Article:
Therefore, I can't see anyone being able to set up any more of these directories. I think that the field is pretty much saturated anyway, especially with UK Directory, Splut and UK Plus (sorry about the names).

Given the number of referrals that I see coming out of these directories, I just don't think that it is big business. In fact, I think that it is very much small time, which really does limit the prospects for new contenders. It must be a small percentage of the UK internet population who use these directories...and there aren't that many UK Internet users (3.7 million?)

IanTurner




msg:259946
 2:28 am on Jan 17, 2002 (gmt 0)

Getting the data or getting the users? I think you may have serious problems trying to sell your service based on ODP alone.

Why did you go into the SE game? My guess is that you are on a hiding to nothing with a locally based UK engine. The Europeans can get away with it due to language difference but English is just too common. UK Engines are going to have real difficulty with filtered Google,Yahoo,MSN,Altavista etc

In fact this may just be the problem with any English language directory or SE - it is just too easy to make an adjunct to your main engine.

There doesn't appear to be a forum on the ANZAC or Canadian engines here (is ANZAC covered by Asia/Pacific) - I'm sure they suffer from the same sort of problems and some cross fertilisation of ideas would be useful.

All the best
Ian

Serious insomnia case tonight!

Abrexa_UK




msg:259947
 2:41 am on Jan 17, 2002 (gmt 0)

Well, the original database was ODP based - got to start somewhere! However, people are free to submit sites now, and the database will be developing completely separately. This should allow it to become bigger and fresher than the ODP uk categories.

There are a couple of selling points for Limey Search:

- no adult sites (I removed as many as I could find, and will continue this process)

- Google is built in as a search option, so it is just as easy as going to Google's homepage.

- The search results are spam-free, with no more than one advert per SERP.

- The front page contains some really useful links and news.

It is not intended as a ground-breaking new engine, just a useful 'home page' for uk users who like Google. I use it as my start-up page, and find it genuinely useful.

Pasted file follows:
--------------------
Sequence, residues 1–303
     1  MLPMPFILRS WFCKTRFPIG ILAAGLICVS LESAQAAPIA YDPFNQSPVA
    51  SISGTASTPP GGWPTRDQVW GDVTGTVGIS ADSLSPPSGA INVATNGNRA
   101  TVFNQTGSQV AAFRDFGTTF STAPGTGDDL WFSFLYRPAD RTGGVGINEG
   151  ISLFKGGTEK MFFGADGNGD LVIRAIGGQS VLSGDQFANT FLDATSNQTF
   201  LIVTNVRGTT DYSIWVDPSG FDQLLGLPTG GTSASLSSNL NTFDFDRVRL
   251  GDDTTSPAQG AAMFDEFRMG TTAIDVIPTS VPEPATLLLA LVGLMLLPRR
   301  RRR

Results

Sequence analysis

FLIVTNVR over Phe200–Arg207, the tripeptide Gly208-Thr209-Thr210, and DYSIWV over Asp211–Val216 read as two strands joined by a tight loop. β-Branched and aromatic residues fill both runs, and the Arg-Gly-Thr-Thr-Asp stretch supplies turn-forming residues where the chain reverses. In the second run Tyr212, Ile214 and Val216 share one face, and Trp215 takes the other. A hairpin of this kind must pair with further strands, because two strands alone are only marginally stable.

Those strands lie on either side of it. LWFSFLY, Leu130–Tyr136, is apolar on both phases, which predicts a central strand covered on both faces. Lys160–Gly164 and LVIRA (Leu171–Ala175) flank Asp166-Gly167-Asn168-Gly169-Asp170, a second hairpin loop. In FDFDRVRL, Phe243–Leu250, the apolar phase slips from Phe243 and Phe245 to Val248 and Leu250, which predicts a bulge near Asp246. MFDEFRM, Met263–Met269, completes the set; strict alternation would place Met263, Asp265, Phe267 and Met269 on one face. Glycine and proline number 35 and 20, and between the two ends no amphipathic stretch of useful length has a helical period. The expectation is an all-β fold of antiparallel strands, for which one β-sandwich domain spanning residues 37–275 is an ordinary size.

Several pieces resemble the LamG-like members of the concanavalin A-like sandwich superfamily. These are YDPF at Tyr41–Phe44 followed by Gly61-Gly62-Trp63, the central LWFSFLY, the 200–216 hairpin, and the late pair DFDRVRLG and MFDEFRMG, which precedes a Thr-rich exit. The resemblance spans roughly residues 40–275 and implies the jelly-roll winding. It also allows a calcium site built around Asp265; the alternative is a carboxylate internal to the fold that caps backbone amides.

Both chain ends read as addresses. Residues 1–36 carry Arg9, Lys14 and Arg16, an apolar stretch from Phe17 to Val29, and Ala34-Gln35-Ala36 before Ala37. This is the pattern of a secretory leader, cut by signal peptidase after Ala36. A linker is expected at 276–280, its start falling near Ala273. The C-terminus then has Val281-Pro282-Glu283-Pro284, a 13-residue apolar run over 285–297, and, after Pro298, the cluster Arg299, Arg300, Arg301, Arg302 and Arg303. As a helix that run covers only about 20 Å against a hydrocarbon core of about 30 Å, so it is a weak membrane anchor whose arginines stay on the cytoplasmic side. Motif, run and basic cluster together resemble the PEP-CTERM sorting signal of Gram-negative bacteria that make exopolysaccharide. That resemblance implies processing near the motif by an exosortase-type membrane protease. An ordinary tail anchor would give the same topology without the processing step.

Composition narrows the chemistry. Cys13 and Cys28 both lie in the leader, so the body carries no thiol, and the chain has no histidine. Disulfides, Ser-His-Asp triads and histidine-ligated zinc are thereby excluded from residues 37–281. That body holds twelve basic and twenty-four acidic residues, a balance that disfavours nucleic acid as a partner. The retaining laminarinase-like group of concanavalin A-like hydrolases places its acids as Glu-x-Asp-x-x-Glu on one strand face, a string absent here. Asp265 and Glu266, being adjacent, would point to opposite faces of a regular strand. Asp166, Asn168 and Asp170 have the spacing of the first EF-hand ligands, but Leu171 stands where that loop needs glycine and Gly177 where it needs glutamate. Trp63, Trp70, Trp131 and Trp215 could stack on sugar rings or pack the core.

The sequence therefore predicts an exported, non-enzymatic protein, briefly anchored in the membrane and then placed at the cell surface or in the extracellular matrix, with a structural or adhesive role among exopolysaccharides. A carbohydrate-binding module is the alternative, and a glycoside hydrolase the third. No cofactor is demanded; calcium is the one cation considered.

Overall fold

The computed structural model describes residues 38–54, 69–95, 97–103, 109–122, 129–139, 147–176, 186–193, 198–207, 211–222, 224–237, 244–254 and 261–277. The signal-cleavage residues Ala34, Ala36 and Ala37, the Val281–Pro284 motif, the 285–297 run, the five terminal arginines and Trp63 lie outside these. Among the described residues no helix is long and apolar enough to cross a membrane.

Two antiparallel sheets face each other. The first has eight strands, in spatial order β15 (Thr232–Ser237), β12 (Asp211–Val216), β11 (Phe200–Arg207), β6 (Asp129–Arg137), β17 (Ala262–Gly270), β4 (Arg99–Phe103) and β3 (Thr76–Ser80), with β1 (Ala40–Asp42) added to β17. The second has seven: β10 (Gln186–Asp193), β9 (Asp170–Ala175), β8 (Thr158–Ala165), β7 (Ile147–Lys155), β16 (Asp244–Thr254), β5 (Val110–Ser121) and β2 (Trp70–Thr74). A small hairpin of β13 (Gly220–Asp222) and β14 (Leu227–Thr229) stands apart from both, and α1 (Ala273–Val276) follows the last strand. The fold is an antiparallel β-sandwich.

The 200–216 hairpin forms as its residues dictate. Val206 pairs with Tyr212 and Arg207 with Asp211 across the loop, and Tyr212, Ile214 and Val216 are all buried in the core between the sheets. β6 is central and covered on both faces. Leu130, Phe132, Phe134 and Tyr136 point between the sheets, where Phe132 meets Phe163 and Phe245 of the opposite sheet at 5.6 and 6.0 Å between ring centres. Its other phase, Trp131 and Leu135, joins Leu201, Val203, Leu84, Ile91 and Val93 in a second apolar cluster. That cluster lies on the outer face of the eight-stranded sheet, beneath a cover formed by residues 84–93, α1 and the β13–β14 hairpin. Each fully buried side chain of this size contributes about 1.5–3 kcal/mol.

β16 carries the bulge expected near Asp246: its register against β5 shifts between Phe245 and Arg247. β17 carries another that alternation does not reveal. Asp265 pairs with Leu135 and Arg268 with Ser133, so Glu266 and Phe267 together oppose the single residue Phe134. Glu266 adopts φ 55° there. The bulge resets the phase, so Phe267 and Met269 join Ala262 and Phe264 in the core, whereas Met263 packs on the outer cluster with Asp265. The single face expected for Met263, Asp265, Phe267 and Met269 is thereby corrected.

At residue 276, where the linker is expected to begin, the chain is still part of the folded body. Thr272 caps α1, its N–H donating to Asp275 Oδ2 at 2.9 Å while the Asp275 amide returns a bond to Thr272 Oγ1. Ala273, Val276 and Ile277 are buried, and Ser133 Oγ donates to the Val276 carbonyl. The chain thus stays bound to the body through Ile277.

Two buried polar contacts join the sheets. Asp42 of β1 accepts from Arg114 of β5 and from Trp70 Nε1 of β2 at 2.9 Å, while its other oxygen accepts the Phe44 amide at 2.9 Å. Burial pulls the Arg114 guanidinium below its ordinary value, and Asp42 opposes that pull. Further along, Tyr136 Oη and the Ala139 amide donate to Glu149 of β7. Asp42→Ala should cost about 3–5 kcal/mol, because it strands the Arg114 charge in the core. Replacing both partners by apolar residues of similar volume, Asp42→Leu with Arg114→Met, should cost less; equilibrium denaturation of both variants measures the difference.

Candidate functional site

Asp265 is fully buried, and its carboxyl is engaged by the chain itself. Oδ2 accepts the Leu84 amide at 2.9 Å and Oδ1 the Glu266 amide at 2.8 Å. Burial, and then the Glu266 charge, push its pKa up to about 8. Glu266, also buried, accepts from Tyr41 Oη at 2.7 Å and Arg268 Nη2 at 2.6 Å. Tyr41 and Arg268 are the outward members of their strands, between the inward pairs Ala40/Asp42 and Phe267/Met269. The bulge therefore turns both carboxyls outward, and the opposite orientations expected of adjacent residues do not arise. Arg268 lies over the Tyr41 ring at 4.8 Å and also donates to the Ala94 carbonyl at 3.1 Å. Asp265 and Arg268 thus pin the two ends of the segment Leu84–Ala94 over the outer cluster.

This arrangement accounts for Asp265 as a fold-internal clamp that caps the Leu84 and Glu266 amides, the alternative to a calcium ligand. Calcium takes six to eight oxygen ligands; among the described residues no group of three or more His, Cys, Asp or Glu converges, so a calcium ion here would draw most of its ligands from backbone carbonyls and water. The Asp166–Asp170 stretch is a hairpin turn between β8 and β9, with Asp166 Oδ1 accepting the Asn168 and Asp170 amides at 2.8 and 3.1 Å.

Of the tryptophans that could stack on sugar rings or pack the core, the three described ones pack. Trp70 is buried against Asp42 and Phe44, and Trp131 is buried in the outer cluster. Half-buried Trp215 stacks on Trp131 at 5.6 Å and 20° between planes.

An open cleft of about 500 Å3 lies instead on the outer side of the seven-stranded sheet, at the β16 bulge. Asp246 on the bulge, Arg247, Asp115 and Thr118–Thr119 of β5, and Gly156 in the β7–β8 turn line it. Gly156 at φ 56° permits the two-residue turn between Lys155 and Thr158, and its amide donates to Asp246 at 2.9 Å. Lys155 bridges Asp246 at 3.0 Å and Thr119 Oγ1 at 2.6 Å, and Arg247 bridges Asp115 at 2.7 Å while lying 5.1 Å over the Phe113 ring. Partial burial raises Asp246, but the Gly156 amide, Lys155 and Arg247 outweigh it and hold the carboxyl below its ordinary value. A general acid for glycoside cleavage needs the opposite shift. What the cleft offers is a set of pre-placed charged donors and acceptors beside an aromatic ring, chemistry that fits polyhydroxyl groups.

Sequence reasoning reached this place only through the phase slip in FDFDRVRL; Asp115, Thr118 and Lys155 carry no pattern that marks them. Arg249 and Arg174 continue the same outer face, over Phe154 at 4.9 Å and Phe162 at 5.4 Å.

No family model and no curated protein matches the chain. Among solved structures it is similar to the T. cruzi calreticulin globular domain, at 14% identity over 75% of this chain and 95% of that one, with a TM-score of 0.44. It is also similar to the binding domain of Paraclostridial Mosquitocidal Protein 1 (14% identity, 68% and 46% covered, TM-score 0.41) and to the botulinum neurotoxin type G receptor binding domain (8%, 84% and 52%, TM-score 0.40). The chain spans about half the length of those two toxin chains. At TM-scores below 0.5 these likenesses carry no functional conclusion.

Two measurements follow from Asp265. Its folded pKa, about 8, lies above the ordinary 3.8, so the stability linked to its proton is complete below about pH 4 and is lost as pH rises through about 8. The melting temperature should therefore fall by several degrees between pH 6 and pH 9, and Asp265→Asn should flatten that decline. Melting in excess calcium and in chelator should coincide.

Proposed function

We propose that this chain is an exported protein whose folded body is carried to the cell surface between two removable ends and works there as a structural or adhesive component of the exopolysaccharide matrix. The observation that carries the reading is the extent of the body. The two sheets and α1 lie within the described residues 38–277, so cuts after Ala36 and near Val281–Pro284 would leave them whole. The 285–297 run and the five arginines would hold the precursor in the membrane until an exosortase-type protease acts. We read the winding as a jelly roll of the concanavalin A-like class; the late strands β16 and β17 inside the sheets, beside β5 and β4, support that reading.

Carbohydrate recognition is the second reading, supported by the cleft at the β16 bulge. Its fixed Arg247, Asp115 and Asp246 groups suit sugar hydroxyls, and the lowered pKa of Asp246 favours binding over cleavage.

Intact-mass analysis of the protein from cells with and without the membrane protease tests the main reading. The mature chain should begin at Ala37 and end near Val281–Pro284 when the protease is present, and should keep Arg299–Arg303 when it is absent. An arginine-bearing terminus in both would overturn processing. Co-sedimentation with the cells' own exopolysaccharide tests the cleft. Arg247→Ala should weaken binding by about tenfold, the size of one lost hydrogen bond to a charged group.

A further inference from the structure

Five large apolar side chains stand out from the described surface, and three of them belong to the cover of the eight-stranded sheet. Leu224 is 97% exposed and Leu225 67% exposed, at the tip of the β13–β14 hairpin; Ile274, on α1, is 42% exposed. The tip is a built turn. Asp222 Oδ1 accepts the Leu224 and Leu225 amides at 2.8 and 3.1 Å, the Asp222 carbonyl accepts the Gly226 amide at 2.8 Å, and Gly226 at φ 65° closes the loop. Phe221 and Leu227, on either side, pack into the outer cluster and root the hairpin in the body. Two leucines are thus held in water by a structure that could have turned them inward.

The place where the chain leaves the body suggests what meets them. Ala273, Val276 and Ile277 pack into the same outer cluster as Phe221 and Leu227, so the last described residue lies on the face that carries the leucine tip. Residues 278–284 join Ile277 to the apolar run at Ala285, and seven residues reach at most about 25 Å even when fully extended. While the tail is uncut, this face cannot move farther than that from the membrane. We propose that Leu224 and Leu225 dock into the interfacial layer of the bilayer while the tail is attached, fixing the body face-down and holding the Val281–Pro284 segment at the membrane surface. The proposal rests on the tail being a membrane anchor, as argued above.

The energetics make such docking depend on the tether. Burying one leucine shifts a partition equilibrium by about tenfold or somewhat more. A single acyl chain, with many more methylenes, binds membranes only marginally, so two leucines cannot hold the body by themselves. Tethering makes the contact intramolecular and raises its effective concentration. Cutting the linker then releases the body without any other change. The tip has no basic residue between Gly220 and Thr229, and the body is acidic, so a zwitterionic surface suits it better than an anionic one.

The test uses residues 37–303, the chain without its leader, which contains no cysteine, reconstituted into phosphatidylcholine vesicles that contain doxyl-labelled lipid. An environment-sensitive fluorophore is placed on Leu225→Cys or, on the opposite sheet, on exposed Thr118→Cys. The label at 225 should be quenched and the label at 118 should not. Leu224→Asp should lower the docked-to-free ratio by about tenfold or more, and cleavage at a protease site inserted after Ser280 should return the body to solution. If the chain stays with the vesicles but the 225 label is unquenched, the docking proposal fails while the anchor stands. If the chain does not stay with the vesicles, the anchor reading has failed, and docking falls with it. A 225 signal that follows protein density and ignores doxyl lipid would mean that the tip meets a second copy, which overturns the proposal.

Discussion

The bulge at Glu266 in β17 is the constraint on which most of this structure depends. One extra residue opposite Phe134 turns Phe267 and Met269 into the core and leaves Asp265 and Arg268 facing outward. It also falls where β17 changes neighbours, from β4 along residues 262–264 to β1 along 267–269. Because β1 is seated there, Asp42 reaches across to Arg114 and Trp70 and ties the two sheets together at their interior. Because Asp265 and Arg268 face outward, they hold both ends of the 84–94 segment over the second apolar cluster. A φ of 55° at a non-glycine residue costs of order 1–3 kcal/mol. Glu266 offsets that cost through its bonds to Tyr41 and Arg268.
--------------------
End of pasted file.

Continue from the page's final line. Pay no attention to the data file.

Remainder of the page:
I think that this is the approach that UK specific engines/directories need to take. As you say, they can't compete with the large internationals, so they need to become value added versions. Unless they can off the same and more, or something very different (as with Abrexa), I think that they will have a rocky future.

I went into the "search engine game" because I wanted to try out my SEO knowledge in a different way. I am very happy for them to develop quietly and slowly, since they are not the principle business at the moment. As long as they cover the running costs and a small amount to cover the review time, I will be content.

webdiversity




msg:259948
 4:42 pm on Jan 23, 2002 (gmt 0)

Does anyone remember the Scoot sales pitch ?

"We'll only ever have 3 plumbers/doctors/bakers from your town in our directory".

Being a cynic I said what if I was the 4th one to try and I was told that I wouldn't get in.

The benefit of a directory is to have as much "relevant" stuff in it, to make people want to use that directory as opposed to others, sure it's not good for the advertisers to have more competition but aren't directories meant to be for the benefit of the public/viewer?

I've been involved in SEO in one way shape or form since 1996 and I am amazed that even now new directories "appear" yet you never hear of their launch. If professionals in the industry don't hear about them what chance the public.

Starting any new venture is a bit like rowing a boat, a lot of effort to start with poor results but great once it goes. Everyone wants to be the next Yahoo! when they bring out a directory, all things to all people.

The future for UK directories.... some will come, some will go, there will always be Yahoo! and ODP